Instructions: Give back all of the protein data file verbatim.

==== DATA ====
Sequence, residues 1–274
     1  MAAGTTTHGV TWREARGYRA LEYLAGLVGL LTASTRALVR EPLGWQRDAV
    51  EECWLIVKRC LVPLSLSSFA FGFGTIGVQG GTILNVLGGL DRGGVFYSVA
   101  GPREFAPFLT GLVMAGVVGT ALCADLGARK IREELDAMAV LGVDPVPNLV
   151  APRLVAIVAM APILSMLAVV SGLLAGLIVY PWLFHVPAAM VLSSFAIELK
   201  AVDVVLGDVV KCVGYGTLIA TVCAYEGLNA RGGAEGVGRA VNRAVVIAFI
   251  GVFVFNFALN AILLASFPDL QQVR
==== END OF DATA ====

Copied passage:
Sequence, residues 1–274
     1  MAAGTTTHGV TWREARGYRA LEYLAGLVGL LTASTRALVR EPLGWQRDAV
    51  EECWLIVKRC LVPLSLSSFA FGFGTIGVQG GTILNVLGGL DRGGVFYSVA
   101  GPREFAPFLT GLVMAGVVGT ALCADLGARK IREELDAMAV LGVDPVPNLV
   151  APRLVAIVAM APILSMLAVV SGLLAGLIVY PWLFHVPAAM VLSSFAIELK
   201  AVDVVLGDVV KCVGYGTLIA TVCAYEGLNA RGGAEGVGRA VNRAVVIAFI
   251  GVFVFNFALN AILLASFPDL QQVR